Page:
I’m sorry for April for I know

   She is mourning through all the years,

For the portion that falls to her lonely lot

   Begins with all fools and ends with all tears. [unnumbered page]

An April Song.

Ended the winter, vanished the snow,

   Day and a week and the seasons go;

A thaw and a frost and a wind that’s drear

   Oh! these are April’s whims my dear,

Some sun, and a mist, and a gleam of gold

   Day and a week and the month grows old,

With a “yea” and a “nay” while April’s here,

   The birth-month of a tear, my dear.

A wish and a hope and a dream or two,

   Day and a dawn when the dream comes true;

With a smile and a song and the flowers near,

   For April days are done, my dear. [unnumbered page]

In July.

Here in the wood, a world of green,

Slyly the sun has coared the sheen

Of leaf and bud to warmer bloom

Until nowhere is found a room

                   For wider beauty.

Deep in the shadow of the mossed

Tree-trunks, with million stars embossed,

The stillness soothes and all the gloom

Of softest green becomes the tomb

                   Of pretty things.

Here in the wood the old earth brings

Close touch with just the heart of things,

While breezes lull to lazy dreams

Life breathes a passion rest that seems

                   To echo silence. [unnumbered page]

Discontent.

Across the years,—long bills of time

   These tired feet have yet to climb;—

I wonder if the joy will come,

   If lips shall sing that now are dumb,

                  Across the years.

For Life, we seem to stand and wait

   A heart’s sad breathing space-of late

We’ve grown too glad each day is done,

   Since time may hide some fuller one

                  Across the years.

A day in Life’s long year, but one,

   Although at eve there sets Life’s Sun,—

When lips dare speak the heart’s dear song;

   I think the way could not seem long

                  Across the years. [unnumbered page]

At Dawn.

I awoke ere the dawn, and the peace was so deep,

With a hush in the world till the stars were asleep.

And I whispered your name in a tender soft way,

With a blessing and prayer in the dawning of day.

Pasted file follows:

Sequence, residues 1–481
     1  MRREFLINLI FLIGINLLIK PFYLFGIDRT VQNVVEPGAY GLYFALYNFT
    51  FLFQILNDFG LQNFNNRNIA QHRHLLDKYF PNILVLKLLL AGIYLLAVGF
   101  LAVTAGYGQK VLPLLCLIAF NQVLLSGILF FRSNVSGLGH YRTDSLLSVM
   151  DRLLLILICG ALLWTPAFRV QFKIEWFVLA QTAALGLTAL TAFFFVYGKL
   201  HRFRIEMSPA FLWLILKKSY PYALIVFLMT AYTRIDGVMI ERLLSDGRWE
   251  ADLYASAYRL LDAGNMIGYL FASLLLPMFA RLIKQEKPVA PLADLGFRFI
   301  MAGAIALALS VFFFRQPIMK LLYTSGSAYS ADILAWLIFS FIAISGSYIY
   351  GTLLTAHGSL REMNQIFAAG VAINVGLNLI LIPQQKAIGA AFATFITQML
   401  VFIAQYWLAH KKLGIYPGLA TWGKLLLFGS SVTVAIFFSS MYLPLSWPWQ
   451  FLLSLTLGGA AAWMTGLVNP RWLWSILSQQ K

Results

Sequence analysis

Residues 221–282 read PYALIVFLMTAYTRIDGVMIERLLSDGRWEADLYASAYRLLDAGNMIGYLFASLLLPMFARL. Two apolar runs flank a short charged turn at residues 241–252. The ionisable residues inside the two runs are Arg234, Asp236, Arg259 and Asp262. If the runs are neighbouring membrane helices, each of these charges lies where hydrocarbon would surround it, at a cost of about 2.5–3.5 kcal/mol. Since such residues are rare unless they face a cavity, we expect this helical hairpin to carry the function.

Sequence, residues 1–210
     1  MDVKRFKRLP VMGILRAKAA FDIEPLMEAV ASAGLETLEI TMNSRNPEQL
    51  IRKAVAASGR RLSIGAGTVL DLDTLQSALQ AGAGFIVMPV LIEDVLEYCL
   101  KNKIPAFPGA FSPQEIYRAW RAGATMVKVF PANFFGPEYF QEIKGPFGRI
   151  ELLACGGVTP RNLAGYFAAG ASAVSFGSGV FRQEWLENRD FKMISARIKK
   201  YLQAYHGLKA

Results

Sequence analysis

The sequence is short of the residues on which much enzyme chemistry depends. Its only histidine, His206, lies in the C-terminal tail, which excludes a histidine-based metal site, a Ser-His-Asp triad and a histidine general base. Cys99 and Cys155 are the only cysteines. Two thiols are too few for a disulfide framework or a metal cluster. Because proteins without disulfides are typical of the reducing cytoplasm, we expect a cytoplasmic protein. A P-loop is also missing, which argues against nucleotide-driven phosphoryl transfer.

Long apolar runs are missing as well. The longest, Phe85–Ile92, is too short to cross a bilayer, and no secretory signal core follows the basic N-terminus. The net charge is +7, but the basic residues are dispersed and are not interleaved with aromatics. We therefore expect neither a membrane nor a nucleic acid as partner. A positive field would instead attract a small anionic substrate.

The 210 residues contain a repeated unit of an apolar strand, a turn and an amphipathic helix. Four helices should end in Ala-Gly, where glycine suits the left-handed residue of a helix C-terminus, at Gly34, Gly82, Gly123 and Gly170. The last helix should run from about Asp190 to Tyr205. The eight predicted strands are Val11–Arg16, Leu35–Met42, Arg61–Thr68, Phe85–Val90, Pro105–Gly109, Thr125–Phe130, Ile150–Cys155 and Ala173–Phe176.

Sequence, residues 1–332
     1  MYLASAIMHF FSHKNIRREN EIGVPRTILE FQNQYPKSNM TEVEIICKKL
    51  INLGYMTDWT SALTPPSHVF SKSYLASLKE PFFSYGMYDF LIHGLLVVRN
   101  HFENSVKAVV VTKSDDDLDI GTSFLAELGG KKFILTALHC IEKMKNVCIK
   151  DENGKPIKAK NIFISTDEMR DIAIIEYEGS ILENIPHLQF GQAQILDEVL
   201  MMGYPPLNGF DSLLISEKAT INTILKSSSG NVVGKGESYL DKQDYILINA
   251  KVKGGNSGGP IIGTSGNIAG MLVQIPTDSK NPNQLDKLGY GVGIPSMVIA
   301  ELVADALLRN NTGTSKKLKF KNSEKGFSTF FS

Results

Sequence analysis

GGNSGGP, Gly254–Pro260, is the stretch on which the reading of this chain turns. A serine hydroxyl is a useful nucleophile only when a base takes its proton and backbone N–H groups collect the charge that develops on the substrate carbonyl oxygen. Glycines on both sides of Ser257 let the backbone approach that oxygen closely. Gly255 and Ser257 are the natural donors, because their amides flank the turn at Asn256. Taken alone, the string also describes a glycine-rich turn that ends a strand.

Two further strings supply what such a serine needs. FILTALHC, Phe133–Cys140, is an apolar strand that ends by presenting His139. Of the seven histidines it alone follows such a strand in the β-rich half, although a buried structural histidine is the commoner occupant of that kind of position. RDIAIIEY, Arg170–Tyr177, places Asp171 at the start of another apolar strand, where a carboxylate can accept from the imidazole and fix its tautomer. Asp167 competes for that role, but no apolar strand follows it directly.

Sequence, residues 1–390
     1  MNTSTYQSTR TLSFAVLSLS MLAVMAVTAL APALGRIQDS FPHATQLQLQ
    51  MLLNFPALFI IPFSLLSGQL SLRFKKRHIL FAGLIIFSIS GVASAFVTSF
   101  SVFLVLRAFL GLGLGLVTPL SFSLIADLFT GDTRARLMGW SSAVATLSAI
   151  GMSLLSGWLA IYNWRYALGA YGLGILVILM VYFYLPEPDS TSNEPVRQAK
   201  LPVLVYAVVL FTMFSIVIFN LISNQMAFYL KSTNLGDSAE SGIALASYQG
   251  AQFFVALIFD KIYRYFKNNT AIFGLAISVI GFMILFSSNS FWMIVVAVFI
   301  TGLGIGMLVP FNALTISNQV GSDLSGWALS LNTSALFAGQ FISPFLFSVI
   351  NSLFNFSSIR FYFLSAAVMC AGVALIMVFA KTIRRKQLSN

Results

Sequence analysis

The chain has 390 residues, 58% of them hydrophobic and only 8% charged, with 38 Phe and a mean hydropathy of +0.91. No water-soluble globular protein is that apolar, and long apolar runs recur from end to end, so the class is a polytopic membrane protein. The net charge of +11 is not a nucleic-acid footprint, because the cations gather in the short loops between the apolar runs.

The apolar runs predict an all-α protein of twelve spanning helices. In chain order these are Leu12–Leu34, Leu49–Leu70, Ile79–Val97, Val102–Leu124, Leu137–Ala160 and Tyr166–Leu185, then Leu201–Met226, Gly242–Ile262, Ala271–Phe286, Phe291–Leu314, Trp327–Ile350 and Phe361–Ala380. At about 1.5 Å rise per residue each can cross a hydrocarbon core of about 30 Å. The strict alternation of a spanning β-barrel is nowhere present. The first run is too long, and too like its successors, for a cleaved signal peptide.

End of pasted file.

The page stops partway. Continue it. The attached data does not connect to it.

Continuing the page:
Then my heart grew so warm, ere it’s sorrow should wake;

That I knew I was glad for the name’s sweet sake.

With a soft little trust in a world of doubt—

And the peace of a love with the pain left out.

        *                  *                  *                 *

How the world lies awake in the sun’s golden gleams

While I long in my soul for the dark and it’s dreams. [unnumbered page]

Fellowship.

When all the saintly crew,

   Who’ve never sinned at all

Have drawn their skirts away from you

   And stalked by, grand and tall,

Till all have onward marched,

   Each with averted face,

Their very blood all nicely starched

   Beneath their garb of grace.

Some few will fail in scorn,

   But not in sympathy,

And you’ll forget you were forlorn

   And lived so drearily.

Once in your need they stood,

   And well they understand,

So they are not too fiercely good

   To grasp a lonely hand. [unnumbered page]

New Year’s Eve.

The moonlight sends across the sea

A golden stretch, and I to thee

Would fain speed on the glimm’ring way—

A foolish dream, since here I stay

      And send, instead, a greeting.

The seasons pass and, one by one,

The lonely tasks are daily done;

But what is not is yet to be

So heaven speed on both thee and me

      And bring to pass our meeting.

The moonlight spreads a glitt’ring way,

But scarcely safe, and what I’d say

If I were only near you dear,

Must keep awhile, since I stay here

      And send instead a greeting. [unnumbered page]